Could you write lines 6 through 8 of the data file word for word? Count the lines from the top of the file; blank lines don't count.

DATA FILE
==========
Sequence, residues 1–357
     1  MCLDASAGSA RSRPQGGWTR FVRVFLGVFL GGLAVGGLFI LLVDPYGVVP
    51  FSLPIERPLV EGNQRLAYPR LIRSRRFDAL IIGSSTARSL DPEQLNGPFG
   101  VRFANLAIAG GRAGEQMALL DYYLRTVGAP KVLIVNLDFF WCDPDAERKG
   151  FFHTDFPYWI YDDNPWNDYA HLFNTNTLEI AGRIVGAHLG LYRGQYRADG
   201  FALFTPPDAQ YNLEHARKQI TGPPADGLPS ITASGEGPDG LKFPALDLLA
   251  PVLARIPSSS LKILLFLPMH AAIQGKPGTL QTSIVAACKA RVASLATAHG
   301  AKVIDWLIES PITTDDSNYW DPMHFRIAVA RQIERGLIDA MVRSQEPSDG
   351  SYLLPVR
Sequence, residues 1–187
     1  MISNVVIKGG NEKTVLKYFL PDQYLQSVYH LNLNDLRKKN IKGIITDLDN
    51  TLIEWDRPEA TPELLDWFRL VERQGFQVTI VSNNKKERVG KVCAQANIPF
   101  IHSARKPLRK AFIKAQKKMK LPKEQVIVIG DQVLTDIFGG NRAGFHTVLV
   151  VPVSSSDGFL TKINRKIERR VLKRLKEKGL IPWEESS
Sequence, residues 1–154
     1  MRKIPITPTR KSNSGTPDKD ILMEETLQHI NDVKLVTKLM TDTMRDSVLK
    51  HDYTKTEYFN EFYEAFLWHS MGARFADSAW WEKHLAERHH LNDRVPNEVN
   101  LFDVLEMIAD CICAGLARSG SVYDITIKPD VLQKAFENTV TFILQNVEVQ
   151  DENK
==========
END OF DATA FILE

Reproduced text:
   201  FALFTPPDAQ YNLEHARKQI TGPPADGLPS ITASGEGPDG LKFPALDLLA
   251  PVLARIPSSS LKILLFLPMH AAIQGKPGTL QTSIVAACKA RVASLATAHG
   301  AKVIDWLIES PITTDDSNYW DPMHFRIAVA RQIERGLIDA MVRSQEPSDG